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You can modify the network config to set a specific DNS value. Find the WiFi network you are connected to, press and hold on the name of the netowrk->Modify Network Config->Show Advanced Options. From here you can set a specific DNS, after changing the IP Settings to static. I believe that most devices look at the DHCP for a DNS server, with a google IP ...


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There's a slight syntax error in your statement: the first non-option parameter to su (which stands for "Switch User") is the user to switch to (if omitted, root is assumed). So your su netcfg usb0 dhcp basically advises su to "switch to the user netcfg – but there is no such user. To fix it up, just use su -c "netcfg usb0 dhcp" – which would, due to the ...


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There are plenty of way to fix this problem, you can see them all at: http://cocland.com/tutorials/how-to-fix-clash-of-clans-crashes-android


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Android reverse tethering steps: Note: Works only in a rooted Android phone. Connect Android device via USB. Enable USB tethering. To do so, go to Settings → More... → Tethering & mobile hotspot → Usb tethering. On host machine, type: $ ifconfig usb0 10.42.0.1 netmask 255.255.255.0 $ echo 1 > /proc/sys/net/ipv4/ip_forward ...


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[From Comments:] If you're looking to connect the two via IP networking they'll need to be in the same subnet. Your PC is self-assigning an IP address because it can't find a DHCP server. Try statically assigning your PC 192.168.1.1 with the same 255.255.255.0 subnet.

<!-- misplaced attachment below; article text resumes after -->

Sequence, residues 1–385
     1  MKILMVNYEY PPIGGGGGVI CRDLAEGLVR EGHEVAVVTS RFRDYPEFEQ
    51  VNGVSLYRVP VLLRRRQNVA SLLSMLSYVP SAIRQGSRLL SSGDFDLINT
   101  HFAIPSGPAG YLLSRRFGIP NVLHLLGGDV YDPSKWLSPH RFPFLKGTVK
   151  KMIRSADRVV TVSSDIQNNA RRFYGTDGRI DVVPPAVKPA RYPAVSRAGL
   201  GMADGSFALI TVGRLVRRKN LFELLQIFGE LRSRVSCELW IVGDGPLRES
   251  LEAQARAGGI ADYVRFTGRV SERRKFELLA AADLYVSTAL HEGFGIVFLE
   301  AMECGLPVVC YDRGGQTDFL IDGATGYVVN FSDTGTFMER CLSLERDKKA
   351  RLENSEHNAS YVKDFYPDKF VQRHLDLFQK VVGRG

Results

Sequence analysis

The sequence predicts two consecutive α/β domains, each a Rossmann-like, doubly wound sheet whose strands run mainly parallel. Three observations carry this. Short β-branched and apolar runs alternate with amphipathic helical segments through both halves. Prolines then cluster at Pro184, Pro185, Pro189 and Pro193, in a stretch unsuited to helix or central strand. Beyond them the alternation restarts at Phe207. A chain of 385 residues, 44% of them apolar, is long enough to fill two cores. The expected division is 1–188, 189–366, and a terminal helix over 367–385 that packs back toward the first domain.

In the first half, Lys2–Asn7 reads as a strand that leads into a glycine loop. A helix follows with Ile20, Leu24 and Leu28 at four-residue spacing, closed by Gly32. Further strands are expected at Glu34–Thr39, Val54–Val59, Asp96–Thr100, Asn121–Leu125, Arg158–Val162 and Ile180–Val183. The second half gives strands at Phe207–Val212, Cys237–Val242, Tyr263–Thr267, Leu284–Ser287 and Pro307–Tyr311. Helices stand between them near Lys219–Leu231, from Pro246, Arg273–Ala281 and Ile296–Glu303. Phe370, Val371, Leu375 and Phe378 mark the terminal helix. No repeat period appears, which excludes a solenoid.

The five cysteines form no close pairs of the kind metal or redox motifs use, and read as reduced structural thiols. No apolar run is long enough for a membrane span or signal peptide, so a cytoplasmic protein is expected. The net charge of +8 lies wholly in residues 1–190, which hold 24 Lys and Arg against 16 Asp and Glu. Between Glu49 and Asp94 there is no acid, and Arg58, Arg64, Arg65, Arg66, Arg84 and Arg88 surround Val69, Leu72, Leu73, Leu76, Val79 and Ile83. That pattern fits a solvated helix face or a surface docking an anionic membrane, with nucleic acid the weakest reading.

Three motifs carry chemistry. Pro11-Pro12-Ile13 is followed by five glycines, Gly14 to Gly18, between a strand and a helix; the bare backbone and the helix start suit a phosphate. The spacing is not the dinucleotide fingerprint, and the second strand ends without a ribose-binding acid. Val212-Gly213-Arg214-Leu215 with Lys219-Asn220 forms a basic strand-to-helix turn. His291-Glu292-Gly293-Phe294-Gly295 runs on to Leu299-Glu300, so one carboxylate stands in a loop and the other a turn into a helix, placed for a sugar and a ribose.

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I think reverse tethering would solve your problem. Android reverse tethering steps: Note: Works only in a rooted Android phone. Connect Android device via USB. Enable USB tethering. To do so, go to Settings → More... → Tethering & mobile hotspot → Usb tethering. On host machine, type: $ ifconfig usb0 10.42.0.1 netmask ...


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just type netcfg it will lists the interface, and work on any terminal emulator. running on the phone itself, or remotely via adb.


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What Dan Hulme said is possibly the best advise for a solution IMO. Anyhow, if you can afford to root the device, then go ahead and do it, and install SuperSU, Busybox and AFwall+. AFwall+ is a firewall which requires some binaries available via former app. Launch SuperSU and create a PIN/password in the Settings. This might require Pro version. -- this is ...


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You can use netstat -tcp and that will show you all open TCP connections. EDIT Per your comment, you can use busybox (a very handy app you can download from the Play store) and then you can run: busybox netstat -nat to show what you need. -Reference: linuxquestions



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